Wednesday, December 19, 2007

Butterfly Bandages And Carpet Bombs

Bumbling Big Ben Bernanke and his Band of Blundering World Bankers have decided that fighting the global credit crisis with money dropped from helicopters might be more successful if the money were dropped by B-52's in a wave of carpet bombing instead. Yeah, and a butterfly bandage will stop the bleeding of a severed limb... Folks, the term "inflation" is being redefined before our very eyes. An arsonist would have a better chance of putting out the fire he started by pouring gasoline on it, than these Wizards of Economic Destruction will have by pouring more money into a system that is already flooded by it. Easy money created the problem, creating more easy money is only going to make the problem bigger, not make it go away.

Investors Stunned by ECB's E350 Billion

Short-term market interest rates in the eurozone plunged at their fastest rate for more than a decade on Tuesday after the European Central Bank stunned investors by pumping a record E348.6 billion worth of funds into the markets.

The size of the injection -- which was intended to calm the markets over the critical year-end period -- was twice as big as the ECB had indicated would have been needed in normal circumstances.

The bank said some 390 private-sector banks in the eurozone had requested funds, which have been offered for two weeks at 4.21 per cent, well below the previous prevailing market rate.

"The sheer magnitude of the operation caught the market off guard," said Win Thin, Brown Brothers Harriman's senior currency strategist, who said there was talk that banks from the US and UK might have taken funds at lower rates than they could secure from their own markets.

The emergency operation, which followed last week's co-ordinated effort by Western central banks to ease pressures in the financial system, prompted the two-week euro London interbank offered rate (Libor) to fall a record 54 basis points to 4.40 per cent. The one-month and three-month rates recorded their biggest falls for nearly six years.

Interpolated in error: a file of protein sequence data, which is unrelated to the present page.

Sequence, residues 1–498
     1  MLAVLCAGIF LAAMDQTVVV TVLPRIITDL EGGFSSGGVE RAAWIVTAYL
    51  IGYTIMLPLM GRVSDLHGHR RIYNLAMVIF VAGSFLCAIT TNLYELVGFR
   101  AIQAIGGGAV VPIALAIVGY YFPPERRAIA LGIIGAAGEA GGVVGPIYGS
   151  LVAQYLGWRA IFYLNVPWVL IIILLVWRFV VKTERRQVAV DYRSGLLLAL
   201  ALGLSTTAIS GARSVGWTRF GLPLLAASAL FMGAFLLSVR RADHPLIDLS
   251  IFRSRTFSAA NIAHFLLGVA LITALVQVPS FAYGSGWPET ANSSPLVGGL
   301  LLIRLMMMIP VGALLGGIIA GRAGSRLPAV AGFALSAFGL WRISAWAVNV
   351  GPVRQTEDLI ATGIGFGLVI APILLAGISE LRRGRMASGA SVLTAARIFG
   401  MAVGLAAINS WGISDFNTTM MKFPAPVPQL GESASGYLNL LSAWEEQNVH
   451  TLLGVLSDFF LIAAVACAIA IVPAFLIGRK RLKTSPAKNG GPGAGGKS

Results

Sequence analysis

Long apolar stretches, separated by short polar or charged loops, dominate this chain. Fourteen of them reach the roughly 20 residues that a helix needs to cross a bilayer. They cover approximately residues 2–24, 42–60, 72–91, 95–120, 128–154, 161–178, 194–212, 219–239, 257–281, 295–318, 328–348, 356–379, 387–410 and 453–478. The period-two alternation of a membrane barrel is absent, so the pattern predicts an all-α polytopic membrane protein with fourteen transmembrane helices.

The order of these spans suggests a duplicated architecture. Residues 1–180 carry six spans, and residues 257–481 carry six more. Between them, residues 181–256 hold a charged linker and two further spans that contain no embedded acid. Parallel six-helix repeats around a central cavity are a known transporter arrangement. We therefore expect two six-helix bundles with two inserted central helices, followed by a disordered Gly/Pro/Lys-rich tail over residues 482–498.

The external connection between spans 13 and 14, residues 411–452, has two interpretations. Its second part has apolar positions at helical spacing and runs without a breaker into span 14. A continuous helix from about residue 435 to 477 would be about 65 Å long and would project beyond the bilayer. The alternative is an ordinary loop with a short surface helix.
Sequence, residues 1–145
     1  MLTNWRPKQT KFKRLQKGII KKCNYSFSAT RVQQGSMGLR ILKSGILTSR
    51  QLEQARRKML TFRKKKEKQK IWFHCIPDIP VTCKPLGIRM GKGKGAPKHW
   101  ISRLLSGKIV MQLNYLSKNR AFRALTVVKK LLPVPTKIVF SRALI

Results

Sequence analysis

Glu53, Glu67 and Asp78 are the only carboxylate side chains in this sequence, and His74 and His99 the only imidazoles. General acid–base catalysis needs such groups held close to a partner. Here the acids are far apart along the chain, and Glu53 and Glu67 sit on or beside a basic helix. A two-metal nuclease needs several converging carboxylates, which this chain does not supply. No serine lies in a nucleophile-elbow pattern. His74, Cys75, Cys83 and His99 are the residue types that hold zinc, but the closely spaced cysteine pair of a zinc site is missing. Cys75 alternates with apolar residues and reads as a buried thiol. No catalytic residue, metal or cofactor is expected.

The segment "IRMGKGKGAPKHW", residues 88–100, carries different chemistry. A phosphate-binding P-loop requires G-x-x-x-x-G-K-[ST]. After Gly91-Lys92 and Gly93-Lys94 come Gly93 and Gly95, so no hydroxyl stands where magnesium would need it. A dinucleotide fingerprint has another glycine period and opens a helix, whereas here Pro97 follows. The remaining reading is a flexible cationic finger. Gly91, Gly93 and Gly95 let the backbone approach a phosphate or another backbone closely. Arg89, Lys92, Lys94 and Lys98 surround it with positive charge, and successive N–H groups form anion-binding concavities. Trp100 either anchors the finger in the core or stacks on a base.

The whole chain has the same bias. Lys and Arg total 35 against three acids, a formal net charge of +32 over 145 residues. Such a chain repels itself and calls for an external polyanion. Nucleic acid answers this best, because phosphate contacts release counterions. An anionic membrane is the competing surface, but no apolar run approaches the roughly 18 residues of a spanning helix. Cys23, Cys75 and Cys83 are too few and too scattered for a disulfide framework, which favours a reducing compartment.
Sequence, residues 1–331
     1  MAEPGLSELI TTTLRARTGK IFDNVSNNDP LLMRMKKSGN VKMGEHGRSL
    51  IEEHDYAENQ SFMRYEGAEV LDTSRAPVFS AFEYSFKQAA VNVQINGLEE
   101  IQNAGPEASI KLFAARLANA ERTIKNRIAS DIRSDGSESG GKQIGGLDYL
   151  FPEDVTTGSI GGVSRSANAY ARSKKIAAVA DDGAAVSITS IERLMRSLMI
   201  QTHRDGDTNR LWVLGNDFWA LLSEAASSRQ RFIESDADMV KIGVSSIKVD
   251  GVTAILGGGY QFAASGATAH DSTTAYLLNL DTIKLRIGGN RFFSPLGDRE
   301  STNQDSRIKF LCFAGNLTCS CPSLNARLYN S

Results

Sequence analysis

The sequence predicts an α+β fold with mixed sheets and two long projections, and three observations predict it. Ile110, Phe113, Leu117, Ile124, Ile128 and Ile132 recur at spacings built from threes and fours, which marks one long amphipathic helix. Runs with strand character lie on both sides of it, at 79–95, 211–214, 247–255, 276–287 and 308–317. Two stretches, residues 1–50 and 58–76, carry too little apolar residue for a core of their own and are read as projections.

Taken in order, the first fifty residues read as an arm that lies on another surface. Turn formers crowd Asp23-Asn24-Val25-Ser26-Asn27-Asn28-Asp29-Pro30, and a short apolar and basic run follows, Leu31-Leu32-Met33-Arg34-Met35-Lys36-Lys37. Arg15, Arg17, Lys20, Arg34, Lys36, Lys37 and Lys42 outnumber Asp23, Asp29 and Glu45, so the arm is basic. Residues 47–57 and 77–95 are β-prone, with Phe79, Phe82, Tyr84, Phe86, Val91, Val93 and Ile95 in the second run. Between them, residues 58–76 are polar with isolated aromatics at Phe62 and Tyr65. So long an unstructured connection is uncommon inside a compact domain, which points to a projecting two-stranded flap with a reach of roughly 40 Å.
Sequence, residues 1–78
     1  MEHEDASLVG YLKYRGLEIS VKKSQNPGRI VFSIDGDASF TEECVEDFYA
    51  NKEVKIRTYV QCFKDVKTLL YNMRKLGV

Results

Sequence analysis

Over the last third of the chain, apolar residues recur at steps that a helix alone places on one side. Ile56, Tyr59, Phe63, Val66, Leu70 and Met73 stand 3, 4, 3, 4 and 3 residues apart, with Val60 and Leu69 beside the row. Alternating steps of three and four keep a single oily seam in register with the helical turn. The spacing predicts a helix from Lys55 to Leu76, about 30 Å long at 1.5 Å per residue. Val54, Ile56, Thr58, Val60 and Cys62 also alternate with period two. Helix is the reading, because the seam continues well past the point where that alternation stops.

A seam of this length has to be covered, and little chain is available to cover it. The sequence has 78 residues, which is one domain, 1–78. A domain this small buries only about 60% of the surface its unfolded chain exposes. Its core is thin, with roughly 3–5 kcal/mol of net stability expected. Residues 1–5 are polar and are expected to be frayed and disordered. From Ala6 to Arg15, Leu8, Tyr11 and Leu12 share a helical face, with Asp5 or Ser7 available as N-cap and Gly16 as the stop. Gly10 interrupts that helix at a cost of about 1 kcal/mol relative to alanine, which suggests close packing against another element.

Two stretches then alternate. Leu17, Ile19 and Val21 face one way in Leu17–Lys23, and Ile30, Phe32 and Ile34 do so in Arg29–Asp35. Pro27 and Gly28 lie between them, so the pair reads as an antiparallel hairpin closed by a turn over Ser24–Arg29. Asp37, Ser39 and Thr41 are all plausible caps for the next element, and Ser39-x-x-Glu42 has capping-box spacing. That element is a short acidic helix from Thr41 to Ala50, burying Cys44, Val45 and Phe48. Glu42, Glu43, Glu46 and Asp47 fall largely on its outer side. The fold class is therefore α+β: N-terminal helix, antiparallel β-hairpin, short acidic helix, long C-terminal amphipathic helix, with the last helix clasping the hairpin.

Fed Loans Banks $20 Billion

WASHINGTON (AP) -- Cash-strapped banks took the Federal Reserve up on its offer of $20 billion in short-term loans to help them overcome credit problems, but the interest rate wasn't as low as some had hoped.

The central bank said Wednesday that it had received bids for $61.6 billion worth of loans, more than three times the amount that was made available. The loans carried an interest rate of 4.65 percent, which is slightly less than the 4.75 percent the Fed charges banks on emergency loans through its "discount" window.

There were 93 bidders for the loans, the Fed said. Each bank could submit up to two bids. The auction for the 28-day loans was conducted on Monday, and the results released on Wednesday.

Asked how the first auction fared, T.J. Marta, a fixed-income strategist at RBC Capital Markets, replied: "I was standing next to two seasoned traders and one thought this auction was fantastic and another one thought it was horrible."

For his own part, Marta said it was "unsatisfying" because investors had thought the rate on the loans would have been lower, around 4.30 percent or 4.40 percent, rather than 4.65 percent.

"There was a hope that things really weren't that bad and that the market would have been able to bid down the Fed and take the money at a cheaper rate," Marta explained. "The fact that the market wasn't really willing to, was evidence of the stress."

GOLD AND SILVER – Green Flags!

Throughout history, once a nation embarked on the inflationary route, there has only ever been one final outcome: total destruction of the currency. Since 1913 the Fed, (supposedly created to protect the US dollar – must read: ‘The Creature of Jekyll Island”), has managed to destroy 95% of the purchasing power of the dollar. Does anyone really believe the remaining 5% is safe?

Currencies in a number of countries are being inflated at double digit rates, while the gold supply can only be increased at about 1.6% per year. All the gold ever mined, piled up, would form a cube of less than 20 meters, growing by 12 cm per year. Most of the gold in this hypothetical cube is in the form of jewelry. The driving force behind the current bull market in gold is the fact that fiat money is being created some twelve times faster than gold. In 1980, when gold topped out at 850.00, the US M3 money supply was 1.8 trillion dollars. Today gold is pegged at 800.00, but M3 is now 13 trillion dollars ( A ratio similar to 1980 puts the potential gold price at $5,600.00.

Morgan Stanley's Subprime Submergence

On Wednesday, the investment firm announced a jaw-dropping $9.4 billion in write-downs for the fourth quarter.